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Diving into a new year often means setting a new list of goals or resolutions. Creating goals for yourself can help to kickstart new habits and help you feel motivated. Goal setting is just as important and impactful for kids and taking the time to teach them to set goals effectively is a big piece of that puzzle.
Benefits of Goal Setting
For kids, setting goals can help them understand how to plan to get what they want, which instills a critical life skill and can teach them to take ownership of their behavior. Creating clear goals at any age will help create focus, help in decision making, and provide motivation.
You may have heard of the popular SMART acronym for goals. It stands for:
Specific: Ask your child the “Who, What, Why, When, and Where” questions to narrow down their goal. A specific goal states exactly what will happen and leaves little to interpretation.
Ex: I will count to 100 in three minutes by March 14th.
Measurable: If the goal is measurable, you can determine if you have reached it.
Attainable: A goal should be something that can reasonably happen but is not within the child’s current ability. Flying to the moon in 2021 might not be realistic but saving allowance for a NASA museum ticket can be attained.
Relevant: All goals should be relevant to the child’s life and timeline. For someone in primary school, setting a goal about college is not within their current scope of relevance. Creating a shorter-term goal that is more applicable to their daily life will be easier to plan and achieve.
Timely: Create deadlines and milestones toward the goal to show progress.
Start by getting some crafty supplies ready and tell your kids to write or draw their dream or goal. Once they have a big-picture goal in mind, they can begin to work together to narrow their focus and create something that follows the SMART guidelines.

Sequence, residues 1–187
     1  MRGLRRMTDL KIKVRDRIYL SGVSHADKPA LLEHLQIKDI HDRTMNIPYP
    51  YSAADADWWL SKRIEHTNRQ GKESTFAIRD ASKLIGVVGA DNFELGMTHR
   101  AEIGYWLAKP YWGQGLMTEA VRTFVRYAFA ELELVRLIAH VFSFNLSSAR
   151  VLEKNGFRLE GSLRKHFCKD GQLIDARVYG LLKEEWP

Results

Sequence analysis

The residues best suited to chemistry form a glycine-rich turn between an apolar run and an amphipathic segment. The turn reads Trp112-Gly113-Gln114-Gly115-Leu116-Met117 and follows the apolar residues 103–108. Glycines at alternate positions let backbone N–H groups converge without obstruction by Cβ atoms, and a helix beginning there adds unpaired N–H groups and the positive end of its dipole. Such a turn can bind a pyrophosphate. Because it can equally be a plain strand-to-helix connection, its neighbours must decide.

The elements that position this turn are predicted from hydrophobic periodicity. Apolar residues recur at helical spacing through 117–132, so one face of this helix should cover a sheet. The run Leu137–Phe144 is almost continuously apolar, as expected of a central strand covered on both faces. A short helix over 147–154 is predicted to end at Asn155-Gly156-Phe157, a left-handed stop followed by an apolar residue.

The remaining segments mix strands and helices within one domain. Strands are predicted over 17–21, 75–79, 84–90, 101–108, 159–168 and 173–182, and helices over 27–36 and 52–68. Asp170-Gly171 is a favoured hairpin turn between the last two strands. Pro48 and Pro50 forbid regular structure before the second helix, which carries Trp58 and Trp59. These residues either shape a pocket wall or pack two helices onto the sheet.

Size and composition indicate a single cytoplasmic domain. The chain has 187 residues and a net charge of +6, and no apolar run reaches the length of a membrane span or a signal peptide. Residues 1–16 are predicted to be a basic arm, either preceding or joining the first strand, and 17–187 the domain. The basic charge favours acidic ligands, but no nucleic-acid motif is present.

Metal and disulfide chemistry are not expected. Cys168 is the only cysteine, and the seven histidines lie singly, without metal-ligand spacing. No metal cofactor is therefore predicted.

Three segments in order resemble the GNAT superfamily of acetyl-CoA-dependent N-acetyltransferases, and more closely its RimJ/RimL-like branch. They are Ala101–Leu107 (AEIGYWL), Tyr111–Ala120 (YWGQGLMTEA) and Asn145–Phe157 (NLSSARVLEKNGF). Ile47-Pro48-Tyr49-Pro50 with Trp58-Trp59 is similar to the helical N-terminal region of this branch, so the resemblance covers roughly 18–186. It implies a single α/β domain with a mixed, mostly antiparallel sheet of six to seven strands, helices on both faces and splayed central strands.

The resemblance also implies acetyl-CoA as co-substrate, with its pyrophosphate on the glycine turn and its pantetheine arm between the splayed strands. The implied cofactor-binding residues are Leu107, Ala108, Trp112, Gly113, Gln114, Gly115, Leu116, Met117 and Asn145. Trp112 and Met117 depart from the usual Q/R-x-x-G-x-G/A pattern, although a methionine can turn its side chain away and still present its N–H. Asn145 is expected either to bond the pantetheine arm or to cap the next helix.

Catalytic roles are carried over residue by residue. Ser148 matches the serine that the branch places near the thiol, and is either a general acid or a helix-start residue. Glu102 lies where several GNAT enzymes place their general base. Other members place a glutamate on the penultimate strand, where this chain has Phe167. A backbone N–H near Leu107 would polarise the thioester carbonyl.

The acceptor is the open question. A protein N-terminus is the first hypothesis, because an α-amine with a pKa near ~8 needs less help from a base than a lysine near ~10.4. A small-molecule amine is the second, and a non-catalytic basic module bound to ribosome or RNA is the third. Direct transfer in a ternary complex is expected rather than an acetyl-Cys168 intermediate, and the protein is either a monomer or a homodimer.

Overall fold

Help them write out their finalized goals on a piece of paper or something that you can display in their room. They can decorate the photo or write other things on it that will help them feel motivated.
Bring the goal to life by having conversations about how it will feel to achieve their goal or how it will impact other people in their life; this will help them visualize the process and the goal in more detail.
Many times, children will face setbacks and obstacles on the way to achieving their goals. By discussing possible obstacles you can help plan strategies or mindsets that they can use to overcome hard times.
Goals will look a little different for everyone. The most popular resolutions for adults include improving health, spending more time with family and friends, saving money, and spending less time online. Some great goals for kids include:
I will get an A in Math this term.
I will learn to tie my new shoes before my birthday.
I will save enough money from chores to go to the science museum in March.
TalkingParents blogs are for informational purposes only and should not be construed as legal advice. Always consult with a qualified attorney regarding legal matters.